New Tool Improves Genetic Engineering of Microbial Circuits

Achievement date: 
2013
Outcome/accomplishment: 

Researchers at the Synthetic Biology Engineering Research Center (SynBERC), an NSF-funded center headquartered at the University of California at Berkeley, have developed an “adaptor” that makes genetic engineering of microbial components substantially easier and more predictable.

Impact/benefits: 

Biological systems composed of modular parts with clearly-defined interactions are generally easier to control than complex systems with a large number of subtle interactions. However, using simple modular parts to replicate the function of a naturally complex system can make lead to fragility. The new adaptor addresses the issue by enabling important functions in a chemical process to reverse roles, resulting in more consistent and controlled adaptability of modular parts to environmental changes.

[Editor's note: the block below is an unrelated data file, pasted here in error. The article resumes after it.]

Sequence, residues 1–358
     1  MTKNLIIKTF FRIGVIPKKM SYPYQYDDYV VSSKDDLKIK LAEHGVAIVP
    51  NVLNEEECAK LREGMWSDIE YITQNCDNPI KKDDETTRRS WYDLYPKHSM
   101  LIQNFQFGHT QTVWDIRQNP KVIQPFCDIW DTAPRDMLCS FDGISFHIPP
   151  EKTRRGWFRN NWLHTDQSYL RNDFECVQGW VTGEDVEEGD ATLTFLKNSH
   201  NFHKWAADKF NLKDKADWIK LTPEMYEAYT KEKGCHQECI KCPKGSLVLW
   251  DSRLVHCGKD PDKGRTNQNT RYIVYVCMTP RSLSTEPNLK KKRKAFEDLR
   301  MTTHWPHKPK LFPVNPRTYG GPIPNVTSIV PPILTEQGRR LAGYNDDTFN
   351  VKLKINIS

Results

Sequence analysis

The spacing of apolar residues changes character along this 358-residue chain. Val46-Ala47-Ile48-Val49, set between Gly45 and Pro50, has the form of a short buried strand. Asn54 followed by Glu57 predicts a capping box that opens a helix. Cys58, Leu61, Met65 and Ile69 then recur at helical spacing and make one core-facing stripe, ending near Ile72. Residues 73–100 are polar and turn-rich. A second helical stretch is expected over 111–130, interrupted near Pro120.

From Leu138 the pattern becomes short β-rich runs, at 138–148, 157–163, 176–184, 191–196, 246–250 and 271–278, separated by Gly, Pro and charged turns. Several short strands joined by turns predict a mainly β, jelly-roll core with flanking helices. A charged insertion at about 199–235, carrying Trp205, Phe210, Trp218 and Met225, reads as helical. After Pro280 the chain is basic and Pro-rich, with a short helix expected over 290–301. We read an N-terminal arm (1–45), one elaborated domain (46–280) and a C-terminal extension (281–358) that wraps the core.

Explanation/Background: 

The SynBERC team’s adaptor modifies the “regulatory networks” involved in genetic engineering. Regulatory networks enable bacteria to adapt to almost every environmental niche on earth. Regulation is achieved by a network of interactions among diverse types of molecules, including DNA, RNA, and proteins. The primary role of regulatory networks in bacteria is to control the response to environmental changes, such as nutritional status and environmental stress. A complex organization of networks allows an organism to coordinate and integrate multiple environmental signals. Along with other SynBERC tools, the new adaptor makes biological circuit design more predictable, dramatically increasing the efficiency, safety, and sophistication of genetic engineering.